Among Cruz’s GOP rivals, the issue has only tangentially flared up so far. After Cruz made clear his opposition to birthright citizenship in August, former Florida Gov. Jeb Bush suggested Cruz was among the GOP candidates who had benefited from it; Cruz countered that Bush was “getting confused between legal immigration and illegal immigration.” In May, a super PAC supporting U.S. Sen. Rand Paul of Kentucky poked fun at Cruz’s birthplace in a video that labeled him the “capitulating Canadian” for voting for surveillance legislation backed by President Barack Obama.

Republican presidential frontrunner Donald Trump, with whom Cruz has maintained an alliance of sorts, has raised the issue in the past but appears to have backed away from it in recent months. "I hear it was checked out by every attorney and every which way and I understand Ted is in fine shape," Trump told ABC News in September.

Cruz was a dual citizen until last year, when he completed the process of renouncing his Canadian citizenship. The Dallas Morning News first drew attention to Cruz's dual citizenship in 2013, months after he won election to the U.S. Senate and was already seen as a potential presidential contender.

On Saturday, Cruz said he expects the issue to continue to be a political football.

“Will people raise this for political mischief? Sure. It’s politics. That’s what they do,” Cruz told Bishop, the teacher, in Chariton. “But as a legal matter ... it’s quite straightforward, and I don’t believe there is any impediment whatsoever.”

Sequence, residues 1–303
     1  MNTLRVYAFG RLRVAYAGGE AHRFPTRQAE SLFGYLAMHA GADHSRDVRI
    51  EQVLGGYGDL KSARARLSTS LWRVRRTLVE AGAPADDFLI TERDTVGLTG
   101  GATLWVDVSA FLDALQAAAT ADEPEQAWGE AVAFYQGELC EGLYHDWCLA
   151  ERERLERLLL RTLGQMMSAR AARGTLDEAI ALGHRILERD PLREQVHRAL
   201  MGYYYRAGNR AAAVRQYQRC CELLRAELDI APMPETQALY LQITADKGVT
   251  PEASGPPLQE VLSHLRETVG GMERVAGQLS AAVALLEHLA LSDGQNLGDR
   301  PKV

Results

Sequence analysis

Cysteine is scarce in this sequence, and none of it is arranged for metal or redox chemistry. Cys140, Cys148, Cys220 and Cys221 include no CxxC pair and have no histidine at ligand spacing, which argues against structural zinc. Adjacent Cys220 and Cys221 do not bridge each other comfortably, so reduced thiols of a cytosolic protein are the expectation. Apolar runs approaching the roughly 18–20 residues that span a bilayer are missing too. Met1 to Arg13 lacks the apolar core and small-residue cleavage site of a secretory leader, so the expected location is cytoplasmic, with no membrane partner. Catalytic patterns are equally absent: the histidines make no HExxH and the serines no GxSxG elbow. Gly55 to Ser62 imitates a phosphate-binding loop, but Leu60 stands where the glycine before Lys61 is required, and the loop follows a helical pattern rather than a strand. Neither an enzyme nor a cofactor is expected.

It has not been lost on political observers that Cruz’s citizenship puts him in the same boat as another freshman senator who had his sights set on the White House: Barack Obama. The president was born in the United States — Hawaii — but like Cruz, one of his parents has a birthplace outside the country. (Obama's mother was born in Kansas and his father in Kenya.) 

Still, some Obama critics known as “birthers” remain skeptical that the president was born in the United States. That was manifested Saturday afternoon in Creston, Iowa, when, after a discussion with Cruz about his eligibility for the presidency, a man mentioned how “nobody knows” where Obama was born.

 “Well, I’ll leave that issue alone,” Cruz replied, “and just, uh, worry about the facts of my own birth.”

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Politics 2016 elections Ted Cruz